Keeping volunteers engaged

A common issue your rescue or shelter may face is volunteers engagement. It takes a lot of time to recruit and train volunteers so it can be really disappointing when you feel like you don’t have the team you need to succeed. In this article we will cover common reasons volunteers can fade off and how to prevent losing volunteers by keeping them engaged.

5 Reasons volunteers fade

There are many reasons why volunteers may not have time to dedicate to your organization. This article does not apply to people who cut down their volunteer hours for commitments in their personal life, this addresses volunteers who just no longer have interest in their role. Let’s get started!

1. Burning out

Problem: Burning out doesn’t have to be a big event. It can simply be from taking on too much in the beginning and after the initial excitement wears off, volunteers may become disinterested.

Solution: Start with a small amount of responsibility and slowly add more if the volunteer is interested in doing more. Keep track of the hours volunteers are logging, especially when they first start. If you aren’t sure how to make a well rounded role, head over to our guide here.

2. Lack of satisfaction

Problem: Not all work in rescue is glamourous. There are a lot of things that need to get done that might feel like it isn’t making an impact but are essential to a successful organization.

Solution: Make sure you involve volunteers in your success and point out how their work made a difference. For example, if you have a volunteer that does data entry, share some reports with them and tell them about what decisions were made because of them.

3. Gap between registering and actually volunteering

Problem: When someone signs up to volunteer, they are in the mindset that they want to help. It’s important to engage them quickly so you can capitalize on that excitement. Long waits between applying – orientation or orientation – volunteering can cause a lot of volunteers to drop off.

Solution: If someone applies to volunteer, you should aim to have them up and running within a week.

4. Not sure who to contact / confusing policies

Problem: Even if you explain your whole organizational chart to a volunteer, they can be overwhelmed and not know who to ask when they have a question. If policies are confusing, a volunteer may be discouraged and not want to continue.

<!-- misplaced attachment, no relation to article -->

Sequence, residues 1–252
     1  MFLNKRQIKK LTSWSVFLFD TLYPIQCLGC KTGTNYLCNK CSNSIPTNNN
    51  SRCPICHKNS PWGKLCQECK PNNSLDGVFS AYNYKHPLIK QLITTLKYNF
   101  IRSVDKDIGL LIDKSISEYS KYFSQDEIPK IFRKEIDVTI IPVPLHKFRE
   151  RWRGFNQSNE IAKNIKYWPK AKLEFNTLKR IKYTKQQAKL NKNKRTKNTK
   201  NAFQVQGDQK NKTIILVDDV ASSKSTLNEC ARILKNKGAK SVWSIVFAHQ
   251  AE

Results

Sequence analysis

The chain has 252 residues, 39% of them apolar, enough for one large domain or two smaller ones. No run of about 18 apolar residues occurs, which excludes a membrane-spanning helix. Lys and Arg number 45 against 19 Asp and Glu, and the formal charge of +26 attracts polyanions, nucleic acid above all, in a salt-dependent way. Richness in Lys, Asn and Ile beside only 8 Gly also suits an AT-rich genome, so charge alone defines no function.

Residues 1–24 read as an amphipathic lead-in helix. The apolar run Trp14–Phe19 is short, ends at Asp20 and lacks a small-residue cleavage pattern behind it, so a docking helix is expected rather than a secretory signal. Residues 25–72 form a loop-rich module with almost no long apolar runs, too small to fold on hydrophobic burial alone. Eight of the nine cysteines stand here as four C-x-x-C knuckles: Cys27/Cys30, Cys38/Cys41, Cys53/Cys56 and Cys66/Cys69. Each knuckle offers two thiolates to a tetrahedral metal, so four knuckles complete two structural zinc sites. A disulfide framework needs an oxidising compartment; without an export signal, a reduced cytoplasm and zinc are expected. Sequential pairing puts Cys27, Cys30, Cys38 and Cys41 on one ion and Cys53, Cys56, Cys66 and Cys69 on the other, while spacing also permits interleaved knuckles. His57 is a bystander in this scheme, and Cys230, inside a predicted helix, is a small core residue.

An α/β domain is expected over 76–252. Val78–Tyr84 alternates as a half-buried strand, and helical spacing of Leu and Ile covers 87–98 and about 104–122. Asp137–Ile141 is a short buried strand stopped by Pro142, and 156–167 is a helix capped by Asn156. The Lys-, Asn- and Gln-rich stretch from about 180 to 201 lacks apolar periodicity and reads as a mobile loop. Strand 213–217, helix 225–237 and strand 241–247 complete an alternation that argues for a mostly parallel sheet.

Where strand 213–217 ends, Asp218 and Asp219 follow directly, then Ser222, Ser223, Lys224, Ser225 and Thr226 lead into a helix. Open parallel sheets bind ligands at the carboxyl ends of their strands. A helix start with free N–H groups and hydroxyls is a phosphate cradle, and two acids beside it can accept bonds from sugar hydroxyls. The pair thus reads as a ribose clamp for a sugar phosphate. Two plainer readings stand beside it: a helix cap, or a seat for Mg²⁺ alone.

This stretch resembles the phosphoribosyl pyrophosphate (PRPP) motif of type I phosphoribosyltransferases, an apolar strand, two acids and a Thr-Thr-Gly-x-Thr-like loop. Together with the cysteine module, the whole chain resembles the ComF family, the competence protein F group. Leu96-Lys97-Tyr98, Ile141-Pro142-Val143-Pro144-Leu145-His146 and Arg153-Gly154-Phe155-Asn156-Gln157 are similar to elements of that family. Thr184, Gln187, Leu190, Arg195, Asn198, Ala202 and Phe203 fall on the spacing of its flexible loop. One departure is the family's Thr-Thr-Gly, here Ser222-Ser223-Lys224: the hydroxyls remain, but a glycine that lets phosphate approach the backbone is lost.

Solution: Make sure each volunteer has a single contact that they can reach out to with questions. This person should also initiate check ins, especially in the beginning. Write down all your policies and outline the flow any single volunteer will go through. For example, if you have a new volunteer adoptions coordinator, make sure they have all the steps they follow clearly outline the adoption process and what responsibilities they have. Make it easy for people to continue volunteering.

5. Barriers

Problem: Just like how we try to remove adoption barriers, it’s important to keep an eye on volunteer barriers. These barriers may include: minimum time requirements, proximity to the shelter, former experience, requiring a facebook page, or age of the volunteer. Things that prevent volunteers from even applying can harm your mission and leave you short staffed.

Solution: Remove all requirements from your volunteer application and instead discuss with the volunteer what you need for them to be successful. They may realize the role isn’t right for them but they will be encouraged to help in another way.

Keeping volunteers engaged

Whether a volunteer is donating their time or if they are there for community service hours, they chose your organization for a reason. Volunteering should be a positive experience that grows your mission and expands your network.

Volunteer Appreciation. Always make sure that volunteers are appreciated by little thank you’s and larger volunteer appreciation events.

Volunteer Outreach. Keep your organization on their mind. If you need extra help, personalize your request by reaching out to people individually.

Share good news. Send out newsletters with information about the organization but also include some happy endings that your volunteers helped you create. People want to feel good about the work they do.

Conclusion

We know these solutions require a lot of additional time and effort from your staff and that can be difficult especially in these times. However, creating strong volunteer engagement can be the difference between thriving and closing your doors. If this seems overwhelming at first, try implementing one piece at a time. As always, reach out if you need help creating a strategy or if you have any questions! Happy rescuing.

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